April 21, 2006

I was recently preparing an office action response, making sure I was using the correct claim status identifiers, when I came across a reference in the MPEP (Section 714, subsection II(C)(E) to be exact) that lists several additional "acceptable alternatives" above and beyond the ones commonly used as stated under MPEP § 714(II)(C)(A), namely "original," "currently amended," "previously presented," "canceled," "withdrawn," "new," "not entered," and "withdrawn – currently amended." According to the MPEP, "To prevent delays in prosecution, the Office will waive certain provisions of 37 CFR 1.121 and accept alternative status identifiers not specifically set forth in 37 CFR 1.121(c)." Those alternative status identifiers are as follows:

Original: "Original Claim" and "Originally Filed Claim"

Currently amended: "Presently amended" and "Currently amended claim"

Canceled: "Canceled without prejudice," "Cancel," Canceled herein," "Previously canceled," "Canceled claim," and "Deleted"

Withdrawn: "Withdrawn from consideration," "Withdrawn – new," "Withdrawn claim," and "Withdrawn - currently amended"

Previously presented: "Previously amended," "Previously added," "Previously submitted," and "Previously presented claim"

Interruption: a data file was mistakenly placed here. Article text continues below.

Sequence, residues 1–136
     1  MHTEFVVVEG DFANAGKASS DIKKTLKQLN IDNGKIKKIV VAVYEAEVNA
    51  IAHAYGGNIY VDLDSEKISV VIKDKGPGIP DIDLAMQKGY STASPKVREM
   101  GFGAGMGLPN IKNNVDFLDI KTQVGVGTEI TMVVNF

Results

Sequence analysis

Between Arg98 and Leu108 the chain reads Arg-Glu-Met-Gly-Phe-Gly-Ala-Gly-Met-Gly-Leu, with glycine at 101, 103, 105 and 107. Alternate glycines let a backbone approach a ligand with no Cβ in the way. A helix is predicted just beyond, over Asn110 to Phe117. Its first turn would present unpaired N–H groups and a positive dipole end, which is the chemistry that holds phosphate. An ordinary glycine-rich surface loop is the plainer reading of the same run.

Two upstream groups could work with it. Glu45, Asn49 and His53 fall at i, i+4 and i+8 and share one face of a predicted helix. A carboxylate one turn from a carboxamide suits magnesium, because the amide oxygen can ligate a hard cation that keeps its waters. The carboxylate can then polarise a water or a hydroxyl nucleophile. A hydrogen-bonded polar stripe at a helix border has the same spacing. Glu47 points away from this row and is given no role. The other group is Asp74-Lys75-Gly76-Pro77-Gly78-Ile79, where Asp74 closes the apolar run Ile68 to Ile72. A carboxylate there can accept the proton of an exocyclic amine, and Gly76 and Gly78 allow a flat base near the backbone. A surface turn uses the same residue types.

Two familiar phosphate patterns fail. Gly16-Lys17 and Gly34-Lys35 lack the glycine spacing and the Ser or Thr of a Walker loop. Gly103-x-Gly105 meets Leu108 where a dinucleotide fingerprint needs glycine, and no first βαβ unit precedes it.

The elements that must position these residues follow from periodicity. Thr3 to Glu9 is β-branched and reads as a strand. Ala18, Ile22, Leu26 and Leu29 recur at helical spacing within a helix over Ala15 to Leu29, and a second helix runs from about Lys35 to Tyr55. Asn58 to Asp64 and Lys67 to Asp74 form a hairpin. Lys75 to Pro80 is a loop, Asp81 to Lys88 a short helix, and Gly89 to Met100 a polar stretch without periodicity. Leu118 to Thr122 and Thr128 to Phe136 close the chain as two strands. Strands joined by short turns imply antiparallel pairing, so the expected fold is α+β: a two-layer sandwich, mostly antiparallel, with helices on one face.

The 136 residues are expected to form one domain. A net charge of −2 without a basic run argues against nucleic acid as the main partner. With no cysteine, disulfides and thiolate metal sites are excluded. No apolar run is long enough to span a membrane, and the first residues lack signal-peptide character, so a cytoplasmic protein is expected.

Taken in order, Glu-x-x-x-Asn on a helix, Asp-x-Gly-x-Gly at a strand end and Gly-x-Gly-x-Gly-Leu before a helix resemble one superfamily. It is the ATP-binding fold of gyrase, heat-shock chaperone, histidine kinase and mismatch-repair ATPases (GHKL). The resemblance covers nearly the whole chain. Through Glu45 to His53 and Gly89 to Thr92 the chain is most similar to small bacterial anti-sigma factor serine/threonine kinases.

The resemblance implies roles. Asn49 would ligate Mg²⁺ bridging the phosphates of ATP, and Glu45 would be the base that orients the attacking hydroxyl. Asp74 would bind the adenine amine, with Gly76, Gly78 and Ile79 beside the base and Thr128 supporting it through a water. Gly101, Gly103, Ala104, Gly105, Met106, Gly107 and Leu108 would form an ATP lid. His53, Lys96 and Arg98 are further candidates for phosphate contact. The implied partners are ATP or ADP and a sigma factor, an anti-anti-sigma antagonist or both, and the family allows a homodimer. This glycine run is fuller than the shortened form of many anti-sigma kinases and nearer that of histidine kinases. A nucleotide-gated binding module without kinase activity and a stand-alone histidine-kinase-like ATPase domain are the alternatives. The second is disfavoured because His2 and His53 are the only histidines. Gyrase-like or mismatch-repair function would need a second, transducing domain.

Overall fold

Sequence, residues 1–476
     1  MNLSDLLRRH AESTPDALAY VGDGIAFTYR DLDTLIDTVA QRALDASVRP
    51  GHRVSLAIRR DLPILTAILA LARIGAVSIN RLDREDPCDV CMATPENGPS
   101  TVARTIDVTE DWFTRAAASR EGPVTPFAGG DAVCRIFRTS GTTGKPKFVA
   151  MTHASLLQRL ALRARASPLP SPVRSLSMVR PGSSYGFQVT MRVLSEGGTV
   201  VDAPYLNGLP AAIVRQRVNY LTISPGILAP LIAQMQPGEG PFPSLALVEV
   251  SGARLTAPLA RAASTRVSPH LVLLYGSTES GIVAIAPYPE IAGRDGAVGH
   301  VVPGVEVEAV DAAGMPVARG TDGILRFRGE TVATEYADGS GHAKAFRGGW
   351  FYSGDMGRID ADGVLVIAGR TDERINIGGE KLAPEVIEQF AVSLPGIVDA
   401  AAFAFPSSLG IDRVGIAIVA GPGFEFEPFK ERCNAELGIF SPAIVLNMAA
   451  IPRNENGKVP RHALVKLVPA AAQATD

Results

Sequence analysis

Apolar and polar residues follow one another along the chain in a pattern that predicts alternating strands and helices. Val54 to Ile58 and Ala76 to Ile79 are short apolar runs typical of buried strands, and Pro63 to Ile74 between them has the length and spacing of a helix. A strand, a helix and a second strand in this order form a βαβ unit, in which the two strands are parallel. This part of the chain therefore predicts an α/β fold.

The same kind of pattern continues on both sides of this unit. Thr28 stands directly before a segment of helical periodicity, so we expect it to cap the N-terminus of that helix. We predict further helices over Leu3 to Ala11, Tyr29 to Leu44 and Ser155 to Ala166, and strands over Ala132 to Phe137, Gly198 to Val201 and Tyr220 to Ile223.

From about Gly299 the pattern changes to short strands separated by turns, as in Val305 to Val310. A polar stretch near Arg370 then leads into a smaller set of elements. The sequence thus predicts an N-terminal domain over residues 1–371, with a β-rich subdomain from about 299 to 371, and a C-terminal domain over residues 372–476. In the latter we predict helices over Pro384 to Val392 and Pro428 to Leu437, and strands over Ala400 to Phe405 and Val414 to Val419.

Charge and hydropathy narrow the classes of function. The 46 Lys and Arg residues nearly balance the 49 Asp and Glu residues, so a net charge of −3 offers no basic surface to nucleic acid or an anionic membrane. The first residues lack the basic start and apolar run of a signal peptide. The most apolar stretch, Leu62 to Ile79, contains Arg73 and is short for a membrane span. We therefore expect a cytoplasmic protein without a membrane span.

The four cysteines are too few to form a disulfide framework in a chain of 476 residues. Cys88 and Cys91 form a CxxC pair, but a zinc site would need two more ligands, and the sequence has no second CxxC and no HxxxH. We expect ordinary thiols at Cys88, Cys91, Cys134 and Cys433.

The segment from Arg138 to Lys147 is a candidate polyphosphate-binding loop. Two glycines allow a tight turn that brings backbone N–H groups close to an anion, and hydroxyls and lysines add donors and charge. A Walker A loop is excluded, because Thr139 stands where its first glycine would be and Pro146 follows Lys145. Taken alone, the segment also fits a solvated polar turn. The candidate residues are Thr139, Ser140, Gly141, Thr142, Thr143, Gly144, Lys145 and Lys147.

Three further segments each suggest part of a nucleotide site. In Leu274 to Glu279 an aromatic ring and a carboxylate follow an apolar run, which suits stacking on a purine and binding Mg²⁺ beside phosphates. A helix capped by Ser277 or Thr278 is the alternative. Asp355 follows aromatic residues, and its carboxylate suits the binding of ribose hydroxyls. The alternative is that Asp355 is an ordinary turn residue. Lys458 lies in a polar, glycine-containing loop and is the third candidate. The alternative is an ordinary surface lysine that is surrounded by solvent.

New: "Newly added" and "New claim"

Not entered: "Not entered claim"

MPEP § 714: LINK
37 CFR § 1.121: LINK

2 comments:

jim hawes said...

Dear Mark - thanks for a very helpful heads-up. Document examiners at the PTO are very picky. After all, they are just clerks with a fancy title. They tend to reject anything but the identifiers posted in the rule. When they do, citing the MPEP section, even by phone, should go a long way to getting them to approve a previously objectionable identifier. Another point: be sure and include EVERY claim that was ever in the case in the list of claims.

Robert K S said...

Can anyone provide an MPEP section that delineates clearly the distinction between "withdrawn" and "cancelled"? I understand "withdrawn" is typically used with claims not elected to under a restriction requirement, but is there any danger of calling a claim "cancelled" that can be avoided by calling it "withdrawn"? I.e., has cancelling a claim ever been held as evidence of admission of the invalidity of a claim, whereas withdrawing the claim constituted no such admission?

If not, there seems to be no distinction, other than that putting "cancelled" saves the ink that would need to be used to reprint the claim.

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Mark Reichel
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I am a patent attorney with Reichel IP LLC, where I concentrate my practice on patent drafting and prosecution, trademarks, and general intellectual property matters. I currently focus on the preparation and prosecution of medical device and other life sciences patent applications, and being actively involved in a number of local not-for-profit organizations.

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